Right below them, the Yankees rank two of Manuelos, Brackman, Sanchez, Betances, and Noesi at spots 2 and 3.… Click here to read the rest

Hall of Shame: Instead of Votes, Some BBWAA Members Cast Doubt; Bagwell A Chief Victim of Smear Campaign

(The following is being syndicated from The Captain’s Blog.)

The holidays are also major league baseball’s Hall of Fame season. Once the ballot is released after Thanksgiving, hundreds of BBWAA members endeavor to narrow down the choices, and in the process, usually write about their selections ahead of the official announcement on January 5. As a result, an undercurrent usually emerges from the collective prose to offer a hint as to the eventual outcome.

Unfortunately for the likes of Bert Blyleven, Tim Raines, Roberto Alomar and Alan Trammell, there really hasn’t been a resounding sentiment that would foreshadow their deserved elections. Instead, the major theme of the process has been steroids. With the addition of Rafael Palmeiro to the ballot, the focus on PEDs is certainly understandable. After all, despite collecting 3,000 hits among many other accomplishments, the former All Star first baseman is now best known for his finger pointing denial in front of Congress just months before testing positive for a banned substance in 2005.… Click here to read the rest

What changed from 2009 to 2010?

As 2010 winds to a close I’ve been thinking about what would need to change in 2011 for the Yankees to win another title. The reflexive answer is to suggest better pitching. After all, the Yankees are in the market for starters, in case you hadn’t heard. But is that true? The 2009 Yankees clearly were good enough to win the World Series, and the team did it with only three reliable starters. Heading into the playoffs the 2010 Yankees had about that many again in CC Sabathia, Andy Pettitte and Phil Hughes but the post season had a different outcome. This led me to ask the question: What changed in 2010? What did the team do better, and by how much, in 2009 that allowed it to win the World Series, and a bunch more games in the regular season? My hope is that the answer will shed some light on areas where the Yankees must improve next year, and also demonstrate that the team can be successful, even if it makes no further additions to its roster, advisable though they may be.… Click here to read the rest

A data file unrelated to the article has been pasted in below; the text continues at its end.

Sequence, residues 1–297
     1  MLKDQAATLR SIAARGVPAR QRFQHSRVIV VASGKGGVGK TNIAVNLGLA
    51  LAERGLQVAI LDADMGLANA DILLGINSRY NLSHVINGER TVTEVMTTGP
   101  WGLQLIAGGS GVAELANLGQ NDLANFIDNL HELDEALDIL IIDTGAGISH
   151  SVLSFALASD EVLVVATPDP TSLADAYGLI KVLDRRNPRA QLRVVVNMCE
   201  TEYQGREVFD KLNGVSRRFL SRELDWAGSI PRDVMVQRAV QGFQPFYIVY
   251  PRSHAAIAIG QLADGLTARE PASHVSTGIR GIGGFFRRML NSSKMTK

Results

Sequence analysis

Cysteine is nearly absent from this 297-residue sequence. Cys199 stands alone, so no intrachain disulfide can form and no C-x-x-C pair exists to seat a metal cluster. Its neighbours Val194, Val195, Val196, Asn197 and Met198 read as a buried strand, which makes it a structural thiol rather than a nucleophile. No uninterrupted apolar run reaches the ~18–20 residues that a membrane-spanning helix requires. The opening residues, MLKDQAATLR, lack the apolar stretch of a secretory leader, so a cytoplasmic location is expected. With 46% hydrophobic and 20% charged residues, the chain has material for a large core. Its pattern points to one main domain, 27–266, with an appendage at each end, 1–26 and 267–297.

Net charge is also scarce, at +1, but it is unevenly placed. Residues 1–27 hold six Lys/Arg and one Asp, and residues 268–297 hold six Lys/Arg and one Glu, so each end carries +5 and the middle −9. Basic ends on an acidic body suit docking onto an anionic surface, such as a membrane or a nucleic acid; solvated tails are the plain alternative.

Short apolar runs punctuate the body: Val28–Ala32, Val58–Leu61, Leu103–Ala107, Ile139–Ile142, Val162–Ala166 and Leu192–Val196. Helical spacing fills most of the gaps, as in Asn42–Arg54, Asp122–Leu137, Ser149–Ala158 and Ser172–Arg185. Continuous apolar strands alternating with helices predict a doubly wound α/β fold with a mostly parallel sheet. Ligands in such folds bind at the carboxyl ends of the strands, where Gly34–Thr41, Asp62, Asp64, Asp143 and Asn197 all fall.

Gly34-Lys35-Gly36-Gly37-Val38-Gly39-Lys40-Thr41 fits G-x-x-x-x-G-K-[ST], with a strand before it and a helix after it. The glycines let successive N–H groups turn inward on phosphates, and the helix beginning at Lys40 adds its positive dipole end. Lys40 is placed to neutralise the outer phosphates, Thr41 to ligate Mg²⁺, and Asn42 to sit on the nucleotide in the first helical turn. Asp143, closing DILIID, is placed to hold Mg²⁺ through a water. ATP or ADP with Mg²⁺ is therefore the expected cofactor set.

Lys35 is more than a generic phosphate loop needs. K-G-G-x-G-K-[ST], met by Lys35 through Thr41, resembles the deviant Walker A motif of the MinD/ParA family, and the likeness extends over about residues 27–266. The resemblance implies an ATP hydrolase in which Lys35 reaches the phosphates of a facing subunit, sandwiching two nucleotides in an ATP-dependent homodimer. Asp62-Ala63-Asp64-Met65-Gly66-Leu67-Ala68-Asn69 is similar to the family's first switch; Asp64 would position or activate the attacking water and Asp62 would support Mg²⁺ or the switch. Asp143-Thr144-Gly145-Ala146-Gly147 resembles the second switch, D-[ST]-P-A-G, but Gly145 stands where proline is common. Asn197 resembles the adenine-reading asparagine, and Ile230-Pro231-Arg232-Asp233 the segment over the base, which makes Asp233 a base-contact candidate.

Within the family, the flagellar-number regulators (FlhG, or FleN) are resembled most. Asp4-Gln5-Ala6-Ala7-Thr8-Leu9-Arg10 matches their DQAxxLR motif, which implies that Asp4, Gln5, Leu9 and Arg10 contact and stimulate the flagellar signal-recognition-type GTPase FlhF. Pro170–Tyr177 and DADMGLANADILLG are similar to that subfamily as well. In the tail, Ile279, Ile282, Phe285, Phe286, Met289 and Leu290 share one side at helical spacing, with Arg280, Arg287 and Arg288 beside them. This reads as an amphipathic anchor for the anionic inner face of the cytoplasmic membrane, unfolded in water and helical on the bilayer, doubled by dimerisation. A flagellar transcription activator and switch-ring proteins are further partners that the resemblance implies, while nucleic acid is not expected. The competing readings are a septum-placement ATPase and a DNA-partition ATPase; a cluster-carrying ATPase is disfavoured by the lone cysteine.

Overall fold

Callis: Yankees Have Top 6 Farm System

Back in August, Jim Callis of Baseball America was asked if the Yankees had a top 10 farm system. He was noncommittal, but suggested that they might be ranked in that range and were certainly in the conversation. Yesterday, he was asked a similar question, and his answer was an encouraging one for Yankees fans:

Yes. @mitchellnj: #Yankees Top 6 Farm System?

As I said back in August, this ranking displays the growth of the Yankees system over the last few months. Players such as Jesus Montero and Manny Banuelos retained the status they achieved last year, while Andrew Brackman and Dellin Betances had recovery years. Meanwhile, some players considered lesser prospects stepped up this year, as Hector Noesi, Brandon Laird, Ivan Nova, and Eduardo Nunez all bolstered their prospects status. Finally, some recent draftees and signings had big seasons or at least showed some promise, with Gary Sanchez, Slade Heathcott, David Phelps, Adam Warren, Corban Joseph, Jose Ramirez and Graham Stoneburner all popping up on the prospect radar.… Click here to read the rest